Coaster train fleet downsizing after transportation funding fizzles
District to sell two of its newest locomotives and five old passenger cars, as service expansion stalls
North County Transit District is selling five of its Coaster passenger cars and two newly acquired locomotives after a proposed service expansion stalled.
NCTD agreed to cap its commuter train’s expansion recently after the San Diego Association of Governments identified a funding shortfall in the TransNet sales tax revenue earmarked for public transit, said Devin Rouse, a consultant for the transit district working in Washington, D.C.
Four recently delivered Siemens Charger locomotives are undergoing testing and certification in preparation for being added to the NCTD fleet, and 11 new two-level passenger cars will be delivered by the end of this year. In all, the district soon will have a total of 11 locomotives and 39 cars.
“A portion of this fleet that’s being delivered was actually intended for Coaster service expansion,” Rouse said Thursday, June 15, in a video presentation to the NCTD board.
Additional trains were to be added in two phases. The first occurred in October 2021, when the Coaster went from about 22 daily trips to 30 daily trips, with 32 on Fridays and 20 on weekends. A second phase was expected to expand service further to 42 weekday trips, but it was canceled because of the lack of Transnet funding available to help pay for ongoing operations.
The Coaster has eight stops in the 41 miles between San Diego and Oceanside. At Oceanside it connects with NCTD’s Sprinter line, which serves 15 stations east to Escondido, and with the Orange County Transportation Authority’s Metrolink, which has train lines and stations in five Southern California counties.
The Coaster cars to be sold were purchased for $1.5 million each in 1995 and are well past their 25-year expected service life, Rouse said. The district has a tentative agreement with the Utah Transportation Authority to buy them for $200,000 each, or a total of $1 million.
“There is really not a big market for these,” he said, but they could be valuable to an agency such as the UTA that already uses that type of vehicle.
NCTD paid $15.5 million for two Siemens Charger locomotives that were delivered May 7 and are being outfitted and tested before they can be placed into service.
Negotiations are under way to sell those two vehicles to California State Department of Rail and Mass Transportation, the Southern California Regional Rail Authority or some other interested party. District officials hope to recover the full cost.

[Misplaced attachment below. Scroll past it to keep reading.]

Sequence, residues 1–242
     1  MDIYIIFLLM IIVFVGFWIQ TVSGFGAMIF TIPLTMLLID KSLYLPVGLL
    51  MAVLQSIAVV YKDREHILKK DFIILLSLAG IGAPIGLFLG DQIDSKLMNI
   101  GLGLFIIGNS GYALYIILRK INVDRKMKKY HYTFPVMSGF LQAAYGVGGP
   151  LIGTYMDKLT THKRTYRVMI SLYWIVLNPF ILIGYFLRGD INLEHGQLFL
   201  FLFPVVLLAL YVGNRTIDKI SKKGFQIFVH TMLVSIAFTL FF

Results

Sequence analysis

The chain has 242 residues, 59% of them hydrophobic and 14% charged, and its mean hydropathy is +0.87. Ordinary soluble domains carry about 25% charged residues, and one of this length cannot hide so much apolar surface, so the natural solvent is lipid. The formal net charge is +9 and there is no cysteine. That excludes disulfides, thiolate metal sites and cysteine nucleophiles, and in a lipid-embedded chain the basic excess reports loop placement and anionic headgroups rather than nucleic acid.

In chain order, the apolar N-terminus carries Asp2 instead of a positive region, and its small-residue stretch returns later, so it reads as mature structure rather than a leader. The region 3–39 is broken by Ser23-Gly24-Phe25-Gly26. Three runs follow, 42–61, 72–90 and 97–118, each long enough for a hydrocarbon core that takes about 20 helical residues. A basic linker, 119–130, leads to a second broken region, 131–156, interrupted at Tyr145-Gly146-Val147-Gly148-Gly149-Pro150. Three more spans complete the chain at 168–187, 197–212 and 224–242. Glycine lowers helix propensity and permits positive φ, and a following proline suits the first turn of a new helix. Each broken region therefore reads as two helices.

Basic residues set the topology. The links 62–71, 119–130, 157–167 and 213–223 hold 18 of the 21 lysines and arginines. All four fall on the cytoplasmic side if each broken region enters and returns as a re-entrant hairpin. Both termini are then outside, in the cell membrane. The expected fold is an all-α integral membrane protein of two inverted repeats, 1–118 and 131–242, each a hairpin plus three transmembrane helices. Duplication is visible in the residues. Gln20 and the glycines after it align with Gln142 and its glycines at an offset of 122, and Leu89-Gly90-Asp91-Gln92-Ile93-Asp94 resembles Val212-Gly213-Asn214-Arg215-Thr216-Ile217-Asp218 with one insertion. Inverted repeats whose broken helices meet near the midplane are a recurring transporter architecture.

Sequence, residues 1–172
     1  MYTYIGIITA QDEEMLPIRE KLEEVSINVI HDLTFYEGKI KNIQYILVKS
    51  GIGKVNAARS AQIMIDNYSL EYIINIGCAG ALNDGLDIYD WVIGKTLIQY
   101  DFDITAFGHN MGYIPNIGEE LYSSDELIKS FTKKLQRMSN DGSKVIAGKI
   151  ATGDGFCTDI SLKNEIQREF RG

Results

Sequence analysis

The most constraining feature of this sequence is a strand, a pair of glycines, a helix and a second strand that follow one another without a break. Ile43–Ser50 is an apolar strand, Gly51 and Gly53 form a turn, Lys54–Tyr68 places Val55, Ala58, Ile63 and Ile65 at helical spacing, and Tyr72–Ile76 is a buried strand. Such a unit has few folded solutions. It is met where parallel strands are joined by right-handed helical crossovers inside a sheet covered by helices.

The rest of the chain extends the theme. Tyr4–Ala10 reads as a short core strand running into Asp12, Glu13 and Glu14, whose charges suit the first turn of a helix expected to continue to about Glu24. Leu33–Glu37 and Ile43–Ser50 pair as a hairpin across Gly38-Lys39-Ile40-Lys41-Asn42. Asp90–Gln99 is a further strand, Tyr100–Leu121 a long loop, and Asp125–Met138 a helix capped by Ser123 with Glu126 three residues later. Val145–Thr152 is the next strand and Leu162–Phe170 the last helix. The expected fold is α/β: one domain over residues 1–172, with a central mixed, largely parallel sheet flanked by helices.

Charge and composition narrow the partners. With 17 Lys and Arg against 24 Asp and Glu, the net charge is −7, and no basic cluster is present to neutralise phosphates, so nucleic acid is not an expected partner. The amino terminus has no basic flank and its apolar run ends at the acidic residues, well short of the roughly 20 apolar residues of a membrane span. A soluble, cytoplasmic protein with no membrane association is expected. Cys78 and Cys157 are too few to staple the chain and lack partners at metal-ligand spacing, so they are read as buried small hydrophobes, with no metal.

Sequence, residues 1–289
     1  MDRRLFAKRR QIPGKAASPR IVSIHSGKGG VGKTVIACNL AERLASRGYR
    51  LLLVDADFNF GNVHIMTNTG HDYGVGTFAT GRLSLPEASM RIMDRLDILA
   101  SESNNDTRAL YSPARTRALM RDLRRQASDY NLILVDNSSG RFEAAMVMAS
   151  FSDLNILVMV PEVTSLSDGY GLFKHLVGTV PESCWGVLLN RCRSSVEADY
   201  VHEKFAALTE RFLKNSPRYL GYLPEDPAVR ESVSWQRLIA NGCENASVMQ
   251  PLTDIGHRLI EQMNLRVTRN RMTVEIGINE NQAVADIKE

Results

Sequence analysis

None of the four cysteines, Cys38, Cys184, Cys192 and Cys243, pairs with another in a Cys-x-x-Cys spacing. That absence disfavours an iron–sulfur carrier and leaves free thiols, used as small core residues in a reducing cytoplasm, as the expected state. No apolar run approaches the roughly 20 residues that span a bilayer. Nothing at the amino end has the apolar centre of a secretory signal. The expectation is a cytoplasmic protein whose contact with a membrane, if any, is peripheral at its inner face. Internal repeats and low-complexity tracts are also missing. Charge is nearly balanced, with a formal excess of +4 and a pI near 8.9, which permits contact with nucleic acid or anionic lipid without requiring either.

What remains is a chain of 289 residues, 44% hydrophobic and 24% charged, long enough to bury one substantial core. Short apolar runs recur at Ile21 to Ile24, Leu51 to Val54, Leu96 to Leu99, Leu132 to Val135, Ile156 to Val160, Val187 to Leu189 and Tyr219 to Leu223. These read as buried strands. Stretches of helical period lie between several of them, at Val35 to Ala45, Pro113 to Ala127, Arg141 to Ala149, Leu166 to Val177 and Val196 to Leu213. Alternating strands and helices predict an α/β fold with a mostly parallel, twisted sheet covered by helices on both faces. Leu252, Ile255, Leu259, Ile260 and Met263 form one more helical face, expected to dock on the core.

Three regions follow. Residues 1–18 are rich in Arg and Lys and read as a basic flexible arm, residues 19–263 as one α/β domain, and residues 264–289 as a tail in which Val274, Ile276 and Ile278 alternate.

The sale will leave the district with seven complete train sets and some backup vehicles.
“With the fleet that remains we should be able to do another expansion, should funding become available,” said district Executive Director Matt Tucker.
More money from SANDAG is unlikely in the near future unless county voters approve a new sales tax increase, Tucker said.
The NCTD board approved the purchase of five new locomotives in June 2018 and ordered more soon afterward. The new quieter, more fuel-efficient vehicles are gradually replacing the old engines in the fleet, some of which were purchased used in the mid-1990s.
There should be a good market for the two locomotives because new ones are now selling for $8 million to $10 million each, and there’s a delivery time of 48 months for any new orders, Rouse said.
The district’s use of revenue from the locomotives’ sale is more restricted than the money received for the passenger cars because grant money was used for the recent purchase. Possible uses for the revenue include to retrofit existing vehicles to be more energy-efficient or purchase new zero-emissions vehicles.
Rouse also talked about the need to replace vehicles in the Sprinter fleet, which is a separate light-rail passenger system launched by NCTD in 2008 between Oceanside and Escondido.
The Sprinter is a different type of transportation system, the only one of its kind in the United States, that has an engine in each car, he said. Because it is so unusual, repair parts are hard to obtain for the Sprinter and are likely to become more so as the system ages.
“Replacing the Sprinter fleet is a priority,” he said.
Regulators require all mass transit in California to completely switch to zero-emissions vehicles by 2047.
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